Monday, February 19, 2007
Unrepresented Parties in Mediation: Is It A Good Idea?
In my last post I discussed the fact that more and more contracts have "mandatory mediation" clauses requiring that the parties mediate their disputes before arbitration or litigation can be pursued. What this means is that more people are having to decide whether or when to hire an attorney if they are not planning to file a lawsuit right away but will be mediating the case first.
The Question: Is it a good idea to enter mediation without legal representation? The Answer: sometimes yes, sometimes no.
When the dispute involves unrepresented individuals on both sides of the table, there is generally a fairly even balance of power and knowledge. A mediator can work with both unrepresented parties to ensure all of the necessary information has been disclosed and that the agreements reached are inherently fair. This is an example of when legal representation may be unnecessary for a fair result.
When the dispute involves a "sophisticated" company with decades of experience in negotiating deals (think national corporation or real estate broker) on one side and an individual who has little to no experience negotiating such deals or little to no understanding of the extent of his legal rights in the event of a lawsuit, this often results in a serious power imbalance. There is a significant chance that such a power imbalance could only be corrected when the individual has his own attorney to provide advice before, during and/or after the mediation and before any settlement agreement has been signed because the mediator cannot give such legal advice.
Likewise, with two disputing individuals, if only one of the parties is represented, there is a good chance that the same problem of power imbalance may be present. This is because only one side is being told her rights and obligations and possible outcomes in court while the other side is ignorant of the possible remedies she might have. It is likely to be an unfair negotiation which can easily result in an unfair resolution. This might not happen if that party has the same benefit as the other party of legal representation and advice.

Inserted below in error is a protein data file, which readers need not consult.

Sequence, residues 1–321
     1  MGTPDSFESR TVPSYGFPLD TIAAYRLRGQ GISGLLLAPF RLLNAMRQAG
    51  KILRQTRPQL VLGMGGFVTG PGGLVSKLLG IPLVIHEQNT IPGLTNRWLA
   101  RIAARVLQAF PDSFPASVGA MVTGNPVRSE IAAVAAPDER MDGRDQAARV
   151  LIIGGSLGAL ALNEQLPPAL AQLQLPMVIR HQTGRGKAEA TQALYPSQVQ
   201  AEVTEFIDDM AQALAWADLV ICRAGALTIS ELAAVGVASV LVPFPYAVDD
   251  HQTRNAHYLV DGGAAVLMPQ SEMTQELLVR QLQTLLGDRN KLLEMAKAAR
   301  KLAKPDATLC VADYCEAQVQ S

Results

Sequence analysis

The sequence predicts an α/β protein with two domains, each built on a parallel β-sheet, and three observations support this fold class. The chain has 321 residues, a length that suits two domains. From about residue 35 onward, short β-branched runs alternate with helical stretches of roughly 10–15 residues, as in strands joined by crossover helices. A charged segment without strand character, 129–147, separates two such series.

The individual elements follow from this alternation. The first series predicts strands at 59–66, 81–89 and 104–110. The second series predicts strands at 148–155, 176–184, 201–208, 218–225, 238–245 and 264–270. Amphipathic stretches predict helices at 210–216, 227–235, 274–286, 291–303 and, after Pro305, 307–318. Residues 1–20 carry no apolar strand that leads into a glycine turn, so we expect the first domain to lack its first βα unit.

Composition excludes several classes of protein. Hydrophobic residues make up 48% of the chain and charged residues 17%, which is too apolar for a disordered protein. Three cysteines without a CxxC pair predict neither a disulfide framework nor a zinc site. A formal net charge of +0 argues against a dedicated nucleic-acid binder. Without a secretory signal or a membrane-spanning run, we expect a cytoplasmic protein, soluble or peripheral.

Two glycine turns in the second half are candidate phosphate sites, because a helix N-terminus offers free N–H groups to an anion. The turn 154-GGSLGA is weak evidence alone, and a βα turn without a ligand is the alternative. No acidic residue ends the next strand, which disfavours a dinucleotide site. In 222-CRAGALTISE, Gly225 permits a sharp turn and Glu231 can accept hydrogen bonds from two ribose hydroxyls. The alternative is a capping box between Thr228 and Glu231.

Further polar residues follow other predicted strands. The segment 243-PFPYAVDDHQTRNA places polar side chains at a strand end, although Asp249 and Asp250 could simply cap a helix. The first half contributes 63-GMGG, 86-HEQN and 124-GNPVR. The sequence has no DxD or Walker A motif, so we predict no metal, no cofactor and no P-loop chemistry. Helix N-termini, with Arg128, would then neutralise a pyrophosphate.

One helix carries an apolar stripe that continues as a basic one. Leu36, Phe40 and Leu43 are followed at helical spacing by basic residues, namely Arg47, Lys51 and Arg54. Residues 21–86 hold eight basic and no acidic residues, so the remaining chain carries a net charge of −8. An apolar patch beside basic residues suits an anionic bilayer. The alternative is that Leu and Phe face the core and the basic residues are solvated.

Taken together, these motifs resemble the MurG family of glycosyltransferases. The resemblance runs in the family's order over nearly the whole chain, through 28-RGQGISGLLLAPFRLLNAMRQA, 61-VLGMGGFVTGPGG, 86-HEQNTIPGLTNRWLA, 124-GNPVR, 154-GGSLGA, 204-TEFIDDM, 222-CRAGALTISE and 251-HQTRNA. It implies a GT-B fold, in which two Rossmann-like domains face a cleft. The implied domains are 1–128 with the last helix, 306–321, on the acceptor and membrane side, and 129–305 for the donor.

Mediators cannot provide legal advice because we are neutrals and not attorneys in our role as mediators. Therefore, the mediator who recognizes a clear power imbalance which cannot be rectified through the open exchange of all necessary information in the dispute or through other means available to mediators (separating parties to defuse aggressive behavior or working to improve the communication skills of the parties, etc.) generally will advise the unrepresented party or the relatively "unsophisticated" individual who is negotiating with a powerful company of the importance of seeking legal representation in that situation. Some mediators may even refuse to continue such a mediation where it is clear such a power imbalance will negatively impact the unrepresented individual.
Some parties come to mediation without attorneys but they have an attorney they are paying on an hourly basis to give advice before the mediation or to review the settlement agreement after the mediation. In fact, it is a requirement I have in divorce mediations that the parties get independent legal advice prior to signing the settlement agreement. This way everyone is assured that the agreements reached and settlement terms agreed to are fair to all parties and their own attorneys. Divorce cases involve specific complexities which, in my mind, require independent counsel's involvement, at least before the agreement is signed. This is not always the case in other civil disputes.
Some mediating parties consult with an attorney throughout the mediation process but don't bring their attorneys to the mediation itself. This can work very well in a case where the legal issues are not too complex and the dispute is more fact-based. The parties may choose to call their attorneys from the mediation and run potential agreements by their attorneys and get legal advice during the mediation in this way. Other parties only consult with an attorney to review the proposed agreement. Sometimes, the extent of an attorney's involvement in mediation just depends on how much money the party was able to scrape together from the change jar to pay for a portion of the mediation and several hours of the attorney's time. The more complex the legal issues or power dynamics, the more it makes sense to get and keep attorneys on board throughout the process.
The flexibility of the mediation process is one of the things I love the most about mediation as a dispute resolution method. Whether or when to bring in independent attorneys depends on the nature of the dispute, the complexity of the issues and possible remedies, the relative sophistication of the parties and their interactions together as well as what the parties themselves are comfortable with and what the mediator sees as a fair negotiation.